Megapixels are the digital camera market’s equivalent of horsepower and megahertz—a single metric that consumers and marketers latch on to tenaciously, despite the fact that it hardly describes overall performance. Over the last several years, camera manufacturers have been pumping up the megapixels on each successive camera model, regardless of whether such increases offered any real benefits (hint: they usually did not).
See, throwing more megapixels at the digital imaging problem is akin to bumping up the processor speed on a motherboard with a slow bus and small amounts of RAM, or adding a turbo to a small engine on a car with lousy brakes and wobbly suspension. The number of megapixels in a camera’s image sensor is just one in a number of aspects that truly define how well a camera works.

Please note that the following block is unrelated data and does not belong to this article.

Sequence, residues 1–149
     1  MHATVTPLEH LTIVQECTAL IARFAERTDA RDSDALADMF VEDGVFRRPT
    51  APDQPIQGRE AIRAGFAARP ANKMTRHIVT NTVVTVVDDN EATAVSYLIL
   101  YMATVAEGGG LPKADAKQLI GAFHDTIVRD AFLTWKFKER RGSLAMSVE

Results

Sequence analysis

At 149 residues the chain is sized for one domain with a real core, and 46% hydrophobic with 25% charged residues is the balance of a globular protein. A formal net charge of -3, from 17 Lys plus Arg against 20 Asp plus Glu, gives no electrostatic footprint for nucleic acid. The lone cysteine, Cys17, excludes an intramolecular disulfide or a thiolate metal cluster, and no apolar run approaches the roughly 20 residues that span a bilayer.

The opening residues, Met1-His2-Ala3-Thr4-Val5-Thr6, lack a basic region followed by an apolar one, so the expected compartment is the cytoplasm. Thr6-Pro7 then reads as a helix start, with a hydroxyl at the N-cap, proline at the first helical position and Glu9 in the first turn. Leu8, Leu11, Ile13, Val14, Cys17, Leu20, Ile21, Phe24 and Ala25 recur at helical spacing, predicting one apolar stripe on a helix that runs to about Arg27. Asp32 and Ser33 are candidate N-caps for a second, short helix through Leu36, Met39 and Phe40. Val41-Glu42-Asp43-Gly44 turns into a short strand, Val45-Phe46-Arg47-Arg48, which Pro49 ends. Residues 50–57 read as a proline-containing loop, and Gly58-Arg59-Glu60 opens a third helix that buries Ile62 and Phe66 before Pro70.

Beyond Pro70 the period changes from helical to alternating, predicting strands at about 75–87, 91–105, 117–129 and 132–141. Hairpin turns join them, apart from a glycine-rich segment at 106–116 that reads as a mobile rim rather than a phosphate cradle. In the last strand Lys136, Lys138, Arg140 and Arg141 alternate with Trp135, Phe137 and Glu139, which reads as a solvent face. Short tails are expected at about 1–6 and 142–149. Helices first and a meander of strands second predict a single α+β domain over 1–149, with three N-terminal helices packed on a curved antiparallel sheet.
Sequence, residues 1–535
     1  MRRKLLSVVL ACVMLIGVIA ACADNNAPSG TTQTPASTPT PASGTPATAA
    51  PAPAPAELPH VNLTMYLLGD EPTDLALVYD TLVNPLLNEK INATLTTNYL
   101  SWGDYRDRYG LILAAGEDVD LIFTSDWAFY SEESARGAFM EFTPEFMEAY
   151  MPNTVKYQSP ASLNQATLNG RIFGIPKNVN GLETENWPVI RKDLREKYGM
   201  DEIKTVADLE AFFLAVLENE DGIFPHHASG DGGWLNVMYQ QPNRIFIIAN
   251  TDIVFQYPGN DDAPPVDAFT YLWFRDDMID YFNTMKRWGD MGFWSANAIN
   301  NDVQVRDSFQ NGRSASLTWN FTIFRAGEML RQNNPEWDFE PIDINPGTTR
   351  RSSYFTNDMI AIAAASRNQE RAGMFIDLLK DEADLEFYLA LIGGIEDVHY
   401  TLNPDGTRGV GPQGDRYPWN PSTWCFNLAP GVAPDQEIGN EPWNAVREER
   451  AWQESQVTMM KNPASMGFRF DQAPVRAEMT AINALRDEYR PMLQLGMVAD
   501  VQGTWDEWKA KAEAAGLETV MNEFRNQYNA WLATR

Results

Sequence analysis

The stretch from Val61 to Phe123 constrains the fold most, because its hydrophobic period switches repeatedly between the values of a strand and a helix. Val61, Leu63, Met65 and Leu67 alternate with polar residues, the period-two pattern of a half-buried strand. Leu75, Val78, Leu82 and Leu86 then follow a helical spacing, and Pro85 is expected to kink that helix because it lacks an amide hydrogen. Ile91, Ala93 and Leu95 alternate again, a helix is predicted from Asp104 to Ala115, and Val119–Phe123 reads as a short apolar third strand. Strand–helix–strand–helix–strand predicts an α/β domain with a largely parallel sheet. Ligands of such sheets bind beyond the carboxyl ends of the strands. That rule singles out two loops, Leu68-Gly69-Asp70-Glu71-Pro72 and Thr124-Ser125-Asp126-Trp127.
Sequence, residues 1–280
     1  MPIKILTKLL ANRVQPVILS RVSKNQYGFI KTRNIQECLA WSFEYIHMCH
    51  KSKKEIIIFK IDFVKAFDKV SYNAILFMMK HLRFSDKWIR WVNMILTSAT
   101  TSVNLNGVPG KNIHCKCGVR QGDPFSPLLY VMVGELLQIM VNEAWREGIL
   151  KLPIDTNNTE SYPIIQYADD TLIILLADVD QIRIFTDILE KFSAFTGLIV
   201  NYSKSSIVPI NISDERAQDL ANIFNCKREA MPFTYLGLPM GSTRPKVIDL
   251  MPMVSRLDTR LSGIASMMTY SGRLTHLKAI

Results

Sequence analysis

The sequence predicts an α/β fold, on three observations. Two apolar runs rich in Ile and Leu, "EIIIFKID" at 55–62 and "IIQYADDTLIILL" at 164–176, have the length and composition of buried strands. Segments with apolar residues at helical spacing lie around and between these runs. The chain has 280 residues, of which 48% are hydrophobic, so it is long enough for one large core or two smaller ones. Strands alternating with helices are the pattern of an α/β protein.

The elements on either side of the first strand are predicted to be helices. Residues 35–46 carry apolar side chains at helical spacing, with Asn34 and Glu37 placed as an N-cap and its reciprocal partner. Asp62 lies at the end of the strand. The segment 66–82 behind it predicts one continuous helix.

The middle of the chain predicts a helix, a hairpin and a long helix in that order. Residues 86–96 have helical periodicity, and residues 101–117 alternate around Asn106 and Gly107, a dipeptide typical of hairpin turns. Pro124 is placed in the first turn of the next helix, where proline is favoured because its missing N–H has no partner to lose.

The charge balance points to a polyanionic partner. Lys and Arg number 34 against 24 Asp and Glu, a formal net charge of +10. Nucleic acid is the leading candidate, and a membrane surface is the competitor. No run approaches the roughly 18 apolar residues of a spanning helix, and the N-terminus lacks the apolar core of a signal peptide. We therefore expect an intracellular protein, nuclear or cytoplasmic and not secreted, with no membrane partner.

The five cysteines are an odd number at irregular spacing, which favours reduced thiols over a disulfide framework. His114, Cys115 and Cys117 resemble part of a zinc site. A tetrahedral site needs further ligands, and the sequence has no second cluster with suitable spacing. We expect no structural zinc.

In an image sensor, larger pixels mean better light-gathering capability. This translates to better low-light performance, better color accuracy, and in some cases better dynamic range. Sensors commonly come in a few different sizes: Full frame (24 x 36mm), APS-C (17 x 25mm), Four-thirds (13.5 x 18mm), and even smaller sensors on compact point-and-shoot models. As manufacturers cram more pixels on a given sensor, those pixels get smaller and smaller.
Based on other things I’ve read that seems right. I’m still using a 6 MP camera with wonderfully low pixel density. My main interest in a newer camera like the Nikon D90 would be for better high ISO performance and more sophisticated autofocus, not the megapixels.